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I watch the sky. I watch the news. At night my dreams are restless as if being bantered about.

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After a thunderstorm, things calm down a bit and there is an opening for fresh air and perhaps some new perspectives.

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As I write these final words, the clouds have burst open. The hardest rain we’ve experienced is pounding on our trailer roof and dampening the books laying just inside the window screen. It caught us by surprise; we thought it had blown through. It’s dark and we can hear, but not see, what is happening.

These are times for deep listening. To open spaces in our heart that seem fragile when exposed. To acknowledge that not all parts of ourselves or of our country are beautiful landscapes. There are scarred places that have something to teach us if we are willing to look at them boldly and with vulnerability.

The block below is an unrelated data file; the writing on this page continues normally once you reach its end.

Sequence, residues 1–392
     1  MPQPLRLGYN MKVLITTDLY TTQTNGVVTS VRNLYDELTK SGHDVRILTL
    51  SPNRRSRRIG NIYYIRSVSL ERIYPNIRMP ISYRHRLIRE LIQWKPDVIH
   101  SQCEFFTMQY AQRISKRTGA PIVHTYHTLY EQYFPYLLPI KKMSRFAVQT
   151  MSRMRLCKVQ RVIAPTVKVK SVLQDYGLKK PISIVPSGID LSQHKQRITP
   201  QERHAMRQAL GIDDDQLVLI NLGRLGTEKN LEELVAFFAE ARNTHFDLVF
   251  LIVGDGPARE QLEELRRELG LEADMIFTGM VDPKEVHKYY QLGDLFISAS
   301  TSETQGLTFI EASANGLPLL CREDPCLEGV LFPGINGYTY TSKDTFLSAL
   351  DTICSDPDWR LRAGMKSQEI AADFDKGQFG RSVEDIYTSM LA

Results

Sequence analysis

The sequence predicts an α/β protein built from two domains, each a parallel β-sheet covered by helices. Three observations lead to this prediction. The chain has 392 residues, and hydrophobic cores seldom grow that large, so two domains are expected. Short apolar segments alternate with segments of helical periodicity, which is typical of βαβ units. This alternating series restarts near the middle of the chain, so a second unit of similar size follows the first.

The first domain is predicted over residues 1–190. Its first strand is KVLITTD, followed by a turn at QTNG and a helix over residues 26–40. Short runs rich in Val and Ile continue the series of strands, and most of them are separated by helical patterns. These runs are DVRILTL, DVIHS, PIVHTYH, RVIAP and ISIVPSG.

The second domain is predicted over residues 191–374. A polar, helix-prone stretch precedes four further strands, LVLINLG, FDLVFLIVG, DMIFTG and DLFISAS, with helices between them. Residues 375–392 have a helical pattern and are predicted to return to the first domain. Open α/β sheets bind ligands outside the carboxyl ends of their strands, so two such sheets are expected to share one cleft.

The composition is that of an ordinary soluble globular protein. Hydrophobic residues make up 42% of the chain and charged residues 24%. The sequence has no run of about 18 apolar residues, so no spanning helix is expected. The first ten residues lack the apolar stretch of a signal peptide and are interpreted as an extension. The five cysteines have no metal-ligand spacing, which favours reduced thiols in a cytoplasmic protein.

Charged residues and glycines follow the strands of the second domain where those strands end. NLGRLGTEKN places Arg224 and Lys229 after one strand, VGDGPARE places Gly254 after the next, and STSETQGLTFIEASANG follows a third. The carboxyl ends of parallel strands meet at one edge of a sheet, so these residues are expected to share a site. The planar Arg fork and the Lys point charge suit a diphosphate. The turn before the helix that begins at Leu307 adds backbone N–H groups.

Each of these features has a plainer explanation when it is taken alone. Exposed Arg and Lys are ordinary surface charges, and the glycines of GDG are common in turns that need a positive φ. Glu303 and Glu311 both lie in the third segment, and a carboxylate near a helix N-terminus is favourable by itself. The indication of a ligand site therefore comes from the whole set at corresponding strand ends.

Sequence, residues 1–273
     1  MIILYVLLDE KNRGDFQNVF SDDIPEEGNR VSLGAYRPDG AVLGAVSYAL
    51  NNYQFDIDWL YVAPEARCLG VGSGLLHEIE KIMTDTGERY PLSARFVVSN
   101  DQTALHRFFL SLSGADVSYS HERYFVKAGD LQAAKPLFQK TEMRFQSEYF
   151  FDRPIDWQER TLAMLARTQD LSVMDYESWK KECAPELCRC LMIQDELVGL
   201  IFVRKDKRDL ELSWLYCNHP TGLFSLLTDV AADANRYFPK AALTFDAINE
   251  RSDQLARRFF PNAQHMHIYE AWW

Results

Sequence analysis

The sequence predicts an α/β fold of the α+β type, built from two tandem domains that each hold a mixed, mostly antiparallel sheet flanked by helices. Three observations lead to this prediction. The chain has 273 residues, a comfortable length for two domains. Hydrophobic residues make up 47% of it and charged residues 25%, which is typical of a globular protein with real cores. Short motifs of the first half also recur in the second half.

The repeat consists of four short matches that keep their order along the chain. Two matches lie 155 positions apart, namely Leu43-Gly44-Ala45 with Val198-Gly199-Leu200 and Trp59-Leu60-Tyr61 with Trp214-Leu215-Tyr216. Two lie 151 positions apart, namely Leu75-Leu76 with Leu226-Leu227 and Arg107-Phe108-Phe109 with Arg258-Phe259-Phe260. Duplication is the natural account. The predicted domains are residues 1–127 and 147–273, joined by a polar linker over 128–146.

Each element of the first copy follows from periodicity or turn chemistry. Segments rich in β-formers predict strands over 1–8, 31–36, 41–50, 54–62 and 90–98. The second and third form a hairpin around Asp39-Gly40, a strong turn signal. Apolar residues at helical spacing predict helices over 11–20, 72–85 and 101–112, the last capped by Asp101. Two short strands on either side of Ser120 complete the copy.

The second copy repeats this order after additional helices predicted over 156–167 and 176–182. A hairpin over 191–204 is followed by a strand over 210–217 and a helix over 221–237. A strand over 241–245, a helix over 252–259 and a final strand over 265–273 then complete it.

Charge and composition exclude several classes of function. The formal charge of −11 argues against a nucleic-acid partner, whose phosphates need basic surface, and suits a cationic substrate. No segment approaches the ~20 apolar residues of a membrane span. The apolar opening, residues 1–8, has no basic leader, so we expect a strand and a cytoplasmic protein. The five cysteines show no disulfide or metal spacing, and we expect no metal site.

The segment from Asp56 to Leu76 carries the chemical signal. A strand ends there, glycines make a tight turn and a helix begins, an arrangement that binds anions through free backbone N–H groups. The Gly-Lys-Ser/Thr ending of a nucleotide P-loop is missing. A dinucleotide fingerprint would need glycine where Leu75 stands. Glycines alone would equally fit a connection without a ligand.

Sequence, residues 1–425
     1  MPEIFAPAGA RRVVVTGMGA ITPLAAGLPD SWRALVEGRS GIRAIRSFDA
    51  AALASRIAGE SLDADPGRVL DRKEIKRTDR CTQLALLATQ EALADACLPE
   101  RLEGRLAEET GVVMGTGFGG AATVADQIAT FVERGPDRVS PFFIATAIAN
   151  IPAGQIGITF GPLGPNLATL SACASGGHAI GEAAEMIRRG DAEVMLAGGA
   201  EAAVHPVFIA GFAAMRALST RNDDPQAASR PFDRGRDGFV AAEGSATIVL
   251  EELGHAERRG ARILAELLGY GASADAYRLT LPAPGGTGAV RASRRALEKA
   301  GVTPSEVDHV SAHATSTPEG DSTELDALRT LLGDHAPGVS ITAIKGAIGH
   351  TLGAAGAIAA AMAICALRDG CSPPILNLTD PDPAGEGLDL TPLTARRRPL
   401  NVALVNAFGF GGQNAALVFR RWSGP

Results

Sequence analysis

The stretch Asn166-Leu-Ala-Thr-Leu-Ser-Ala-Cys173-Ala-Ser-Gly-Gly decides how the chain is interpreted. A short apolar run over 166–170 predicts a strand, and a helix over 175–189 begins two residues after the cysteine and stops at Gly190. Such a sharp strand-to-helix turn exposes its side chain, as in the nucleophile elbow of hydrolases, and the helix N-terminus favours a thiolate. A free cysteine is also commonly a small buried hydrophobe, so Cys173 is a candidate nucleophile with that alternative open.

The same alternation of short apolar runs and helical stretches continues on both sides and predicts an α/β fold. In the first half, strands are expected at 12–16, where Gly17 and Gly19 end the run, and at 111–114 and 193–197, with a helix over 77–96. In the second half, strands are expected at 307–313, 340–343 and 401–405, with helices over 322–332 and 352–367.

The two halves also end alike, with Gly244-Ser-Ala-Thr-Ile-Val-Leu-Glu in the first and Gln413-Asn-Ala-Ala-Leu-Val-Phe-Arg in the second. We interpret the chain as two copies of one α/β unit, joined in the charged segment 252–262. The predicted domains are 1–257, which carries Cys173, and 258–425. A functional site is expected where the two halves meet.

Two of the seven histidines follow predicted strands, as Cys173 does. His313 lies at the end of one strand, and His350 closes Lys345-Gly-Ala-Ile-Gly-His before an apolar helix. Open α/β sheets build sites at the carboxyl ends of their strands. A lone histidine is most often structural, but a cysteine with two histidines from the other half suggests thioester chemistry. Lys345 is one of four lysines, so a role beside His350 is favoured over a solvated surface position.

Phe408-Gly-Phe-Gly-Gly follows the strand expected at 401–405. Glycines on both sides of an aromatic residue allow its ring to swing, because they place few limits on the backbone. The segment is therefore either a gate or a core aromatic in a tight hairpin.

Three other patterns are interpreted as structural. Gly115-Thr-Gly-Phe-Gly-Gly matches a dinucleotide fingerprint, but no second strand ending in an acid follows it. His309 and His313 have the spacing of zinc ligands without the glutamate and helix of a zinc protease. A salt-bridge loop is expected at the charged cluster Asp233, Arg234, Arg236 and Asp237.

I don’t know what the clouds all mean. I do know they are always changing. Somewhere in those changing spaces is where hope lives.

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Post by Diane

It’s just down the road.

 

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If journey is the movement from here to there, start to stop, begin to end, then place is the moment/moments between. We are the chroniclers of journey’s moments.

We note and remember Place because Place is in the dominion
of consciousness: we are, at every instant, located/situated in some
“place” – in the particular. And that location, and we, are in
constant flux.

Each place is defined by its stories.
Every story is embedded in a place.
There is no place, I repeat, there is no place that is
insignificant or unworthy. Everyplace is filled with stories. We are their
chronicler.

Missoula, our first night just on our own. Our first